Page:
In some sense, the answer to your question about "how do you get so close..." is answered in your first statement. The key to becoming a competent UW shooter starts with becoming an excellent diver. Getting close when you have your buoyancy control and trim "dialed". If you don't "getting close" may well result in damage to the reef as you crash, bash and kick your way up to your subject.

 

As for lenses (I use D7000s) for macro, I use the 60 and 105. The 105 may not be the place to start as it's tricky on an FX sensor. The 60 is a workhorse.. decent macro as well as a nice "portrait" lens. There is also an 85 which is popular and may work for you as well.

 

I sometimes use a +5 wet diopter. With this is my pocket, I have a tremendous "range". It can also be used on a 105 once you are more confident. This will get very close.

 

In the mean time, get out there and dive your face off!

 

 

I've been reading up on the 60, and the 105mm lenses, and one of the forums mentioned the focus distance, and that the 60mm was quite close (7 inches) and it may be harder to use flashes with the lense so close to the subject. Under water, this would be closer due to the port being infront of the lense as well.

 

Do you have any issues with lighting, or is it straight forward due to the strobe arms and how much the under water strobes can be moved?

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Hi Jason

 

It can depend to an extent on the size of your strobes! I never found a problem using a 60mm close up with 2x Inon Z240 strobes. You can tuck them really close up to the port and there shouldn't be a problem.

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I'm using an Ultramax UXDS-1 at the moment, and will be adding a 2nd one soon. I'd love to upgrade to a ttl setup with smaller strobes one day, but I'll have to wait for some cheap stuff to come up in the classifieds though!

 

The other thing I'm considering adding is a vacuum tester. i read the thread on flooded housings, and it seems at least 90% are user error. I'd definitely fall into that category!

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Do you have any issues with lighting, or is it straight forward due to the strobe arms and how much the under water strobes can be moved?

 

I don't... You need to be aware of how you are placing the strobes of course, but that's no different than any other lens. I shoot a lot of WA at home and my strobes are out as far as I can get them, and pointing away from "straight" be maybe 30°. With macro, I have them pulled in fairly close the housing, and pointing (generally) somewhat inward unless the water clarity is horrible. I've always found lighting macro to be relatively simple with a little practice, simply because there is so little water between subject and lens...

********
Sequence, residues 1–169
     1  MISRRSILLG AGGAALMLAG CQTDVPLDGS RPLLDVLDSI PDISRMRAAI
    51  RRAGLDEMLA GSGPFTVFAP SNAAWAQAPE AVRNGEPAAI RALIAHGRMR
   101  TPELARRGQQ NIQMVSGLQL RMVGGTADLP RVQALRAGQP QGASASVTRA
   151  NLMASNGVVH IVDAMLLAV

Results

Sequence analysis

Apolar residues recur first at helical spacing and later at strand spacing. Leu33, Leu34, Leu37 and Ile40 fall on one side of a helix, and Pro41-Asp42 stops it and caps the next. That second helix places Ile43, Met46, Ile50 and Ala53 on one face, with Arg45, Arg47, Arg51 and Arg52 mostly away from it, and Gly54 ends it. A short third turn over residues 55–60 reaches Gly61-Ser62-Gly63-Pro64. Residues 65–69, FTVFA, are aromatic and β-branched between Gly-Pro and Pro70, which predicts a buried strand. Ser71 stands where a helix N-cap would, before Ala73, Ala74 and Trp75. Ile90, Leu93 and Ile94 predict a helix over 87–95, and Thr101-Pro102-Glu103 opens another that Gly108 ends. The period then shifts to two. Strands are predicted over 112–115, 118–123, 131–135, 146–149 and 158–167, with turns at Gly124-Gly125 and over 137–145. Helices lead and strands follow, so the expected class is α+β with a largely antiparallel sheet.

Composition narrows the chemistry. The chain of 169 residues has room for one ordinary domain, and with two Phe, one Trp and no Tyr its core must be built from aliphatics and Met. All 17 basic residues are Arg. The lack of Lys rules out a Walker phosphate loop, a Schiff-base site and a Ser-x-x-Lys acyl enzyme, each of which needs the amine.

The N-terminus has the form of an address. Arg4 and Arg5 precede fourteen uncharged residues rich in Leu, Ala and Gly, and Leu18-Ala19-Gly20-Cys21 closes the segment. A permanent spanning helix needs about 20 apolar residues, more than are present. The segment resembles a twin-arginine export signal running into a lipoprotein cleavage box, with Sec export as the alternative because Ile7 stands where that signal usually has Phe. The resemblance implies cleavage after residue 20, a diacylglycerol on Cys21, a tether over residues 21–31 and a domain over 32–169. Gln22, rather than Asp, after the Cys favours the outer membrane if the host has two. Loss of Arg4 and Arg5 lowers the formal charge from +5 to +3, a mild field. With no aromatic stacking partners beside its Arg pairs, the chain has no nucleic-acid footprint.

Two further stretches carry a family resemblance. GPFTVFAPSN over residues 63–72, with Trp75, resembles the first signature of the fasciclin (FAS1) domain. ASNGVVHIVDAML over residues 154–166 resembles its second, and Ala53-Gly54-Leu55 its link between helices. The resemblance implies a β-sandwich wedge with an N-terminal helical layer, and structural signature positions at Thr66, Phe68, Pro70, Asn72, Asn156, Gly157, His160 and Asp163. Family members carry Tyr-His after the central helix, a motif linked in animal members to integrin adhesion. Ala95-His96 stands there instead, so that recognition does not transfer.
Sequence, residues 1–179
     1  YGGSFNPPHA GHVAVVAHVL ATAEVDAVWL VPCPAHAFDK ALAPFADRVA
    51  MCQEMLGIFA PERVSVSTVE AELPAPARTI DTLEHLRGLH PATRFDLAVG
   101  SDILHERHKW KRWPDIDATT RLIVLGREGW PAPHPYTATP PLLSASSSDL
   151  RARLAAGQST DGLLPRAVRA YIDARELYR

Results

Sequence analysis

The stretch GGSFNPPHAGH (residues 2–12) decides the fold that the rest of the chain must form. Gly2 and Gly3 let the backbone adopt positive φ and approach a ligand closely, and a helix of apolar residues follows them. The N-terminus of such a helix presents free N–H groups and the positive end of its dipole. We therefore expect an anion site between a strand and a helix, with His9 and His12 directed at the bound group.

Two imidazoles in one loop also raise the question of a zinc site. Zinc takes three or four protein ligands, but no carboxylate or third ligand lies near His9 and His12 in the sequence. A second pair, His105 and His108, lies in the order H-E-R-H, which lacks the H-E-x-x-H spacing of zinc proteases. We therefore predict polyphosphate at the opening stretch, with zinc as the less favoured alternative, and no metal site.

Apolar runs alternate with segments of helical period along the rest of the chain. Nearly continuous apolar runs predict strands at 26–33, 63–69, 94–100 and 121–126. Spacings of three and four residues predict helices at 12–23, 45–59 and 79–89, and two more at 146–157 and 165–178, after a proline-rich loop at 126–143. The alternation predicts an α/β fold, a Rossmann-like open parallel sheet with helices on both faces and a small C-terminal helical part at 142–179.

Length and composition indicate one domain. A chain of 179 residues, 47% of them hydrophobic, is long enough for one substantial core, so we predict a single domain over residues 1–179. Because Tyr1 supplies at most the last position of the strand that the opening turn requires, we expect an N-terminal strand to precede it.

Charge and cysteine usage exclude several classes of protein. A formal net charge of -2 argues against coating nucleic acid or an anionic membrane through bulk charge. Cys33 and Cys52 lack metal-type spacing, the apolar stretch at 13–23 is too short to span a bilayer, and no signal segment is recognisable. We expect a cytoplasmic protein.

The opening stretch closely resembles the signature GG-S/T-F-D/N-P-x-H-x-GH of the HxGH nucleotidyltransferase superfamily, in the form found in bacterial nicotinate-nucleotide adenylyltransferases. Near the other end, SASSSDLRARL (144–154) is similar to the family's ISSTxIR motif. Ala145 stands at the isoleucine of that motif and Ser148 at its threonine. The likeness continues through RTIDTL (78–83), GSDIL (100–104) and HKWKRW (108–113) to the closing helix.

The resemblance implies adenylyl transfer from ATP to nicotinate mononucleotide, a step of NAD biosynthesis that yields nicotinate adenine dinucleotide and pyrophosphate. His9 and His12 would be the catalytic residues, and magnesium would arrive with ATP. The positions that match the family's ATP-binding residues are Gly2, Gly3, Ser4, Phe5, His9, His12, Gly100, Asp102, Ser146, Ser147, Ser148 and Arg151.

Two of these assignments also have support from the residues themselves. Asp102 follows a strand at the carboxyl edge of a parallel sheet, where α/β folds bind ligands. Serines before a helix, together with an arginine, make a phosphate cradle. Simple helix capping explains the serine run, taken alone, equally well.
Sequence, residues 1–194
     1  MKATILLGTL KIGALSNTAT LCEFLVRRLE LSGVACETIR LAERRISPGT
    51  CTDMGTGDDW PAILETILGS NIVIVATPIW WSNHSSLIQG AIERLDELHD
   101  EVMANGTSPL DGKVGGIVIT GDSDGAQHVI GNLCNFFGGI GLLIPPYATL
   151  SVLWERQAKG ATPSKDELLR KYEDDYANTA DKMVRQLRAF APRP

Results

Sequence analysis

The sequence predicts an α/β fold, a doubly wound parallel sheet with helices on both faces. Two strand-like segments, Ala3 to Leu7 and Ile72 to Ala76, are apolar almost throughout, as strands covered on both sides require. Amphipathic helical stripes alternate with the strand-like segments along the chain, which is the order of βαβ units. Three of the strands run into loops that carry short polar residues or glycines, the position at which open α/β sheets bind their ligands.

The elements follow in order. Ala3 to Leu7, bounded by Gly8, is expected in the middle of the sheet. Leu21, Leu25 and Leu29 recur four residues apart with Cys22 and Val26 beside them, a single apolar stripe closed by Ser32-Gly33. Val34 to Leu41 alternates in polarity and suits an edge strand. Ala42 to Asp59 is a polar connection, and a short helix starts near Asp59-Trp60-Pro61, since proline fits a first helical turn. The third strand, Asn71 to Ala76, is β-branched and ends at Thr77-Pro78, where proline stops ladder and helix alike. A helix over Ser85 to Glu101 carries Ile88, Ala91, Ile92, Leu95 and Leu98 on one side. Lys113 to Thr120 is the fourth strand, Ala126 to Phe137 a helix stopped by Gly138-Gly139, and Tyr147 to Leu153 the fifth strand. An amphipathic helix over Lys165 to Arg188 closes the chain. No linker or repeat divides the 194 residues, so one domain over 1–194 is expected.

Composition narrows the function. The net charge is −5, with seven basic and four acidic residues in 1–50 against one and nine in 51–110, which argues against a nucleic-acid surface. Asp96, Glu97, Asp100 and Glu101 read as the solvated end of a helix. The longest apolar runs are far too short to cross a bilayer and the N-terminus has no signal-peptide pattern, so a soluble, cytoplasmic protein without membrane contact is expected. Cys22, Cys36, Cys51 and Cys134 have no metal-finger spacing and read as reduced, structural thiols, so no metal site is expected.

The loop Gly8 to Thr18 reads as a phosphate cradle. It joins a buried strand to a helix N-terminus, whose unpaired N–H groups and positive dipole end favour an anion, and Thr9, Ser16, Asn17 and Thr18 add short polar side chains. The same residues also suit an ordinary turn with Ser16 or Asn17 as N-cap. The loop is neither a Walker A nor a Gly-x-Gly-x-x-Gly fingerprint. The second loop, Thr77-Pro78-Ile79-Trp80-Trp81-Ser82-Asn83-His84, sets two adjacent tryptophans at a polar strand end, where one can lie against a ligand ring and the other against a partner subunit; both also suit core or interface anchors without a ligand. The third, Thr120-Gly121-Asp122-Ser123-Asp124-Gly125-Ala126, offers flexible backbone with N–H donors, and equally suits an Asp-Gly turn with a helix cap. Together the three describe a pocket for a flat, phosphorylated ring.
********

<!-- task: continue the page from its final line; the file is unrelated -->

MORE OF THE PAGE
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That's good to know. I think I will invest on a 60mm macro setup. I know the theory of strobe positioning, but putting it into practice will be where it counts.

 

Do the different ball mounts and arms make any difference in how smooth and easy the positioning of the strobes are? my current ones seem very "clicky" if you will, not very smooth at all.

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That's good to know. I think I will invest on a 60mm macro setup. I know the theory of strobe positioning, but putting it into practice will be where it counts.

 

Do the different ball mounts and arms make any difference in how smooth and easy the positioning of the strobes are? my current ones seem very "clicky" if you will, not very smooth at all.

Hi Jason,

 

If your strobes have variable power settings i would recommend using those along with manual adjustment of Shutter, Aperture, ISO instead of getting a TTL converter. Depending on the subject color and background TTL may not always give you great results. Also it may not work for getting dark backgrounds. Sometimes images look better with the light being a little under. Just my two bits FWIW :-)

 

Diggy